Snapchat taking steps to stop drug deals on its app

The changes come amid a rise in overdose deaths attributed to drugs laced with fentanyl.

Marcos Cabello
Based in Boston, Marcos Cabello has been a personal finance reporter for NextAdvisor and CNET. Marcos has covered cryptocurrency, investing, banking, and the US economy, among other personal finance subjects. If you don't find Marcos behind his computer screen, you'll probably find him behind another screen, playing the newest Nintendo Switch title, streaming the latest TV show or reading a book on his Kindle.
Marcos Cabello

A coalition of family members and groups protested near Snap headquarters in June, calling for more countermeasures to block illegal drug sales on Snapchat.

Patrick T. Fallon/AFP/Getty Images

Snapchat on Thursday said it taking steps to stop illegal drug sales on its platform amid an increase in overdose deaths in the US linked to drugs laced with fentanyl. Fentanyl is a synthetic opioid that is 50 to 100 times more potent than morphine and can be deadly even in small quantities.

"We have heard devastating stories from families impacted by this crisis, including cases where fentanyl-laced counterfeit pills were purchased from drug dealers on Snapchat," the company said in a blog post.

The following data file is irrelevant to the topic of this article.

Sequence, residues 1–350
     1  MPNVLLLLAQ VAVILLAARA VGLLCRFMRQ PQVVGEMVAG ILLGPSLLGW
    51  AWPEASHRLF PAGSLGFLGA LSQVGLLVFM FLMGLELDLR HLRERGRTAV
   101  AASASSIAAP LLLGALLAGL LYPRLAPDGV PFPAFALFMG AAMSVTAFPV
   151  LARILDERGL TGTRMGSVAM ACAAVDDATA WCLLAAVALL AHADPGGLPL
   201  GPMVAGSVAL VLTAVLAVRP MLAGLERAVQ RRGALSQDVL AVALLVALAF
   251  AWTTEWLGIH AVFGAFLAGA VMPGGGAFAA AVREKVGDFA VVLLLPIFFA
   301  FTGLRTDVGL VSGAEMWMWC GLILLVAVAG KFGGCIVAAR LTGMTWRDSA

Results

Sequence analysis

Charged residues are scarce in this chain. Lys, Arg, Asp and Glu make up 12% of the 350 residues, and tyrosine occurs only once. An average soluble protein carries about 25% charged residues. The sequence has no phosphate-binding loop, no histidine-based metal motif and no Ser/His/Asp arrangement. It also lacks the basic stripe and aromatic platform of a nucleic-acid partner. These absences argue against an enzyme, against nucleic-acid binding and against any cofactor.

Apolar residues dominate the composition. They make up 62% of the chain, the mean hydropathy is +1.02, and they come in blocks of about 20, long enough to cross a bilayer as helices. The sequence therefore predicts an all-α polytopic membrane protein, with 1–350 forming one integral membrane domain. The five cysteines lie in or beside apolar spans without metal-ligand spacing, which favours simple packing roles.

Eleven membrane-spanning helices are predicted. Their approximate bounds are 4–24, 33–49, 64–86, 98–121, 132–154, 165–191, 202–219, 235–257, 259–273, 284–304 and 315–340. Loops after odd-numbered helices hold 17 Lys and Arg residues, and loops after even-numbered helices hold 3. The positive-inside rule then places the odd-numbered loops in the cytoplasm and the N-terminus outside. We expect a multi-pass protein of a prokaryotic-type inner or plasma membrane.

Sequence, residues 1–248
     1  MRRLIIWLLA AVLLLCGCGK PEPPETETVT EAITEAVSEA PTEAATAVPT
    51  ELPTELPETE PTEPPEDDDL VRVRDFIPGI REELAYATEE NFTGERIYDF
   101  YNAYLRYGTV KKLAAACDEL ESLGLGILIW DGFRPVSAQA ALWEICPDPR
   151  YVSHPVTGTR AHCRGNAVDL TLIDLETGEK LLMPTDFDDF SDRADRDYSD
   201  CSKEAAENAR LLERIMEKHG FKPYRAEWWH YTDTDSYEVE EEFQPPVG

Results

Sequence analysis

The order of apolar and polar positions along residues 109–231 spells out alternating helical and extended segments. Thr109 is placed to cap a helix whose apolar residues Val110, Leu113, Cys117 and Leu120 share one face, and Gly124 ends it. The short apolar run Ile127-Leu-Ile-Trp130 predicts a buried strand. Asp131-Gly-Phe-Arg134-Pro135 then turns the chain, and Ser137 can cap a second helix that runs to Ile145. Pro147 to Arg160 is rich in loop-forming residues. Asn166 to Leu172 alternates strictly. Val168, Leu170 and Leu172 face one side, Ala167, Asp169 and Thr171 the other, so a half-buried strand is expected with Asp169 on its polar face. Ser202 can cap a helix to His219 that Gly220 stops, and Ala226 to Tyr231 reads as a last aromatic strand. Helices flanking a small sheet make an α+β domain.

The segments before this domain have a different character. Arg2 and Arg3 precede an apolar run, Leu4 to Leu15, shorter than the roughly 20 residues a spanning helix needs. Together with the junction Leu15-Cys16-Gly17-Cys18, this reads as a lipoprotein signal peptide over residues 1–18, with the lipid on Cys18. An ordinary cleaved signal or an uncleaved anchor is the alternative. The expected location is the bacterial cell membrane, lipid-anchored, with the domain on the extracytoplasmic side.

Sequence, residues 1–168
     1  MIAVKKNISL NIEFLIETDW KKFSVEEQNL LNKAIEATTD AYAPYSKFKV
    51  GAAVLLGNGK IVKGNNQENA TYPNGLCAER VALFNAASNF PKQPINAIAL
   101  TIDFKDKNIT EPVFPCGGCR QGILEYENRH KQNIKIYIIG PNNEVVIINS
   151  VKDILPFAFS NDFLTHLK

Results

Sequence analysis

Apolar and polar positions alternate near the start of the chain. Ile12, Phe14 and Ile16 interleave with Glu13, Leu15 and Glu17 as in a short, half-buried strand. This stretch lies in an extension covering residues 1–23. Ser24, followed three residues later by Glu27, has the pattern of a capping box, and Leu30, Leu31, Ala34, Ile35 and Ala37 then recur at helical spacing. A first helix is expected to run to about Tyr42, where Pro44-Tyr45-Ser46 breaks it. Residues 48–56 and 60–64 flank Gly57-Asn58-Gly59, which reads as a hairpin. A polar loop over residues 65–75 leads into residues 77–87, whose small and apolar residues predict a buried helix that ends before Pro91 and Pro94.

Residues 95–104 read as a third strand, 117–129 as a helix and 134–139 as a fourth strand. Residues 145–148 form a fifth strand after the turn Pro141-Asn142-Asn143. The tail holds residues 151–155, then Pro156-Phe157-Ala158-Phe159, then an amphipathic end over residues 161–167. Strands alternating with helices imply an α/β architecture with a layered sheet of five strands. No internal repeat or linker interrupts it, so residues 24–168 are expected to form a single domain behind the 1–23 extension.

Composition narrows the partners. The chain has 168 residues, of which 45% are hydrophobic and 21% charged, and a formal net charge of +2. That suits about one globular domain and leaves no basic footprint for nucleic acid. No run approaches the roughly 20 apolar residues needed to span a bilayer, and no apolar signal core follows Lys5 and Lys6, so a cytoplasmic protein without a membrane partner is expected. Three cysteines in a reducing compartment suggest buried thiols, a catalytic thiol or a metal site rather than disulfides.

Snapchat said over the past year it's been "investing in proactive detection and collaboration with law enforcement to hold drug dealers accountable for the harm they are causing our community."

The company is also launching a new "Heads Up" feature in Snapchat. Heads Up is an in-app educational portal that will distribute content from expert organizations -- such as Song for Charlie, Shatterproof, Substance Abuse and Mental Health Services Administration and resources from the Centers for Disease Control and Prevention -- when people search drug-related keywords on the app, aimed at educating people on mental health and coping mechanisms. 

The issue has been in the spotlight following a report by NBC News earlier this month describing the deaths of teens and young adults who were suspected of buying fentanyl-laced drugs through Snapchat.